Probabilities in the Galaxy


A Distribution Model for habitable Planets

Copyright © Klaus Piontzik
 German Version    
German Version    

1.6 - G-Stars with habitable Planets

habitable Zone

The habitable zone[9] is the distance range in which a planet must be located from its central star so that water can occur permanently in liquid form, as a prerequisite for life. The exact position of a habitable zone in a solar system depends on the star type, i.e. on the radiation and the temperature of the star. The habitable zone can, simplified, be calculated from the luminosity of a star. The average radius of this zone of any star can be calculated using the following equation:

Formula habitable Zone

d is the average radius of the habitable zone in AU
LStar is the bolometric luminosity of a star
LSun is the bolometric luminosity of the sun

In astronomy, bolometric brightness is a measure of the total luminosity of a celestial body, i. the luminosity integrated over the entire electromagnetic spectrum. With a star twice as bright as the sun, the average radius is 1.4 AU.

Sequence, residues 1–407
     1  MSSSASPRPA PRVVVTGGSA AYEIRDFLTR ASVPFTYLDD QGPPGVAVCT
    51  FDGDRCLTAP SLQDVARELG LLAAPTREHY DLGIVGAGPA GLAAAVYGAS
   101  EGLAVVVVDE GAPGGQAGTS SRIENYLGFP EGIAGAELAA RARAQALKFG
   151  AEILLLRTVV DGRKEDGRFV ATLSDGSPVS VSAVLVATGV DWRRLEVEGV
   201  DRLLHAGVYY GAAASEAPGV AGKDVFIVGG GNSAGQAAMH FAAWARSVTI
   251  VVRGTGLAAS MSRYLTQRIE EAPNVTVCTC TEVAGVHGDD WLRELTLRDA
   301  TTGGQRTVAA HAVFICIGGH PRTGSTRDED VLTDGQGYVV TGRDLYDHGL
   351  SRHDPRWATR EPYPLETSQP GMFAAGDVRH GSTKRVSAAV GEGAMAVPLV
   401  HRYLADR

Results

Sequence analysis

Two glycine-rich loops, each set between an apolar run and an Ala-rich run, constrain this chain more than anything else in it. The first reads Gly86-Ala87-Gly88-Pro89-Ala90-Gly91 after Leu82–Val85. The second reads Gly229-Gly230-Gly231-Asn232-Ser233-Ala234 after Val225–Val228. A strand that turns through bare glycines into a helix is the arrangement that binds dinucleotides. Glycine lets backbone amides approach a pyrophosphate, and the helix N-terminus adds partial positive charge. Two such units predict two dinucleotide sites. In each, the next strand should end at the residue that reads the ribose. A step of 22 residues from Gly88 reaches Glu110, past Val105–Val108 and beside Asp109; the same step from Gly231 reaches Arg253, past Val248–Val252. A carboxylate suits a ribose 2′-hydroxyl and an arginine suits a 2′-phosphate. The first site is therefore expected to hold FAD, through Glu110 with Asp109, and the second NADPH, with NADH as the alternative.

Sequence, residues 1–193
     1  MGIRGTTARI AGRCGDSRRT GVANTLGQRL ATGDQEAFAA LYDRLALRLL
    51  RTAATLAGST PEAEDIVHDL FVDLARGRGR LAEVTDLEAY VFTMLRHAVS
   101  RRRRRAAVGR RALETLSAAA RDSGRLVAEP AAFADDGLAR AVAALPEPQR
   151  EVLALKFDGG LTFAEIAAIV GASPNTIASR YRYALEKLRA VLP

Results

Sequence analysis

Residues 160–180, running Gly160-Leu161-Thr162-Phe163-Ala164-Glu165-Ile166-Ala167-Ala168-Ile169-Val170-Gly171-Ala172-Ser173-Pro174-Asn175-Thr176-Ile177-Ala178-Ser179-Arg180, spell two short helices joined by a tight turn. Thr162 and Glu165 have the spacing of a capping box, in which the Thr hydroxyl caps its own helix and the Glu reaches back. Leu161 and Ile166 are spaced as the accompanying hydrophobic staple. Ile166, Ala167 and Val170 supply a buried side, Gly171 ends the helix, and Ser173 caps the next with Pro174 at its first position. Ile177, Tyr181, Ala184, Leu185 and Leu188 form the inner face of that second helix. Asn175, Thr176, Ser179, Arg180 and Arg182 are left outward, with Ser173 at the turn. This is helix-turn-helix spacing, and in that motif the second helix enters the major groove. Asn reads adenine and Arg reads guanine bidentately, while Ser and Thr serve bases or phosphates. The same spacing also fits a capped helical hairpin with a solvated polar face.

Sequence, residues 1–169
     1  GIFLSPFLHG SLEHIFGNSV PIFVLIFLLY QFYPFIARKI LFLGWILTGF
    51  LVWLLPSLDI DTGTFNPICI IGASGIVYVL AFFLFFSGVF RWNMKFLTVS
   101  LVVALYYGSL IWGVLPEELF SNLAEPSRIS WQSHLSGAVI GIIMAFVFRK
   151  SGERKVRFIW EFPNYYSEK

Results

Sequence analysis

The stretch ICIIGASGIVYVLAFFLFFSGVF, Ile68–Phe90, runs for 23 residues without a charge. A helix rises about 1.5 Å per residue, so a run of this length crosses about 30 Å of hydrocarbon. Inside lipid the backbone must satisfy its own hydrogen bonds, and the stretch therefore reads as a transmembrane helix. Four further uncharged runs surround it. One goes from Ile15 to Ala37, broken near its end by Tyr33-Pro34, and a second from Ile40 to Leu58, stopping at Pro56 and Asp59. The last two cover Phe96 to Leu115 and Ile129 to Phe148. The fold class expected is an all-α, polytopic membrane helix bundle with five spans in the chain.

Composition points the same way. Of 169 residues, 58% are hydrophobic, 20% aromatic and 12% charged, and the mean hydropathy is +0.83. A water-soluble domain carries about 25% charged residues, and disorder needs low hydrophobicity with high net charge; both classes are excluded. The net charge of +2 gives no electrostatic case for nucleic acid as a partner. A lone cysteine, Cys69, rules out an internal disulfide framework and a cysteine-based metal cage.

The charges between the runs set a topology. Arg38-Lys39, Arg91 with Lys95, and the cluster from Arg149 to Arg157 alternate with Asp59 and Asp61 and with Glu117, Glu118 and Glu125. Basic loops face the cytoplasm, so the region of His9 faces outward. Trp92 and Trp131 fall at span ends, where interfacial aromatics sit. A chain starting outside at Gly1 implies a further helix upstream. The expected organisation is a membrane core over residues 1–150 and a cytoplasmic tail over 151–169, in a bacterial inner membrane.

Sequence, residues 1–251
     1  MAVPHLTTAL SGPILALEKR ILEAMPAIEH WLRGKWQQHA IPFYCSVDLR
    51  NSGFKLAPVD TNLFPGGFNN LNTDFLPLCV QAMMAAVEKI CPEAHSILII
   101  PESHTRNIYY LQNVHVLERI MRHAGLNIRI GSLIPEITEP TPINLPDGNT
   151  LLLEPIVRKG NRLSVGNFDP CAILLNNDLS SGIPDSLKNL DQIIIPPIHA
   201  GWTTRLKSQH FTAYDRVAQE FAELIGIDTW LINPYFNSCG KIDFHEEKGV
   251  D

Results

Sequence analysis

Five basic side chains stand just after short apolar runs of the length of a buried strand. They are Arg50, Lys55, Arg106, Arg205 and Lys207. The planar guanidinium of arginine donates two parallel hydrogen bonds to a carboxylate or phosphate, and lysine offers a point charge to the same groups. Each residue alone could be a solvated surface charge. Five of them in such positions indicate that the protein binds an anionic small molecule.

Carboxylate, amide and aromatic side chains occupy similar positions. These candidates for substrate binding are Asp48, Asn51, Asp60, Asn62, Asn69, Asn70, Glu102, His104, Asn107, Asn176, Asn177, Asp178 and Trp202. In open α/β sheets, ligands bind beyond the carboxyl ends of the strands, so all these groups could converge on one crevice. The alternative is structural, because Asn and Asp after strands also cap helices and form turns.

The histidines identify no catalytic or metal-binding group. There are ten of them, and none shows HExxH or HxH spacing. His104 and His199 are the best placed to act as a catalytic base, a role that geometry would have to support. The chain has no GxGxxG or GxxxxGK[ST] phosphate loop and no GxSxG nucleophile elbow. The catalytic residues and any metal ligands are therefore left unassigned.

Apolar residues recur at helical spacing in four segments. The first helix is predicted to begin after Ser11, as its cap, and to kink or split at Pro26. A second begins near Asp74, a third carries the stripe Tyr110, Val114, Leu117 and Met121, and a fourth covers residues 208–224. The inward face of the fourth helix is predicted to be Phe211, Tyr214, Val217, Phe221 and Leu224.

AU = astronomical unit = 149,597,870 Km = distance sun-earth

From 603 planetary systems observed by Kepler, planets in habitable zones could be detected in 10 systems. This corresponds to 1.658 % of the investigated planetary systems. The probability factor is therefore:

Fh = 0.016.58 = 10:603

Related to all star systems A in our galaxy, the number Nh of solar-like star systems with habitable planets results to:

1.6.1 Equation Nh = A Fs Fp Fh

Insert the factors into equation 1.6.1:

1.6.2 Theorem The number of solar-like star systems, with habitable planets, in our galaxy is probably 6.666 to 20 million.


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 Probabilities in the Galaxy

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The Autor - Klaus Piontzik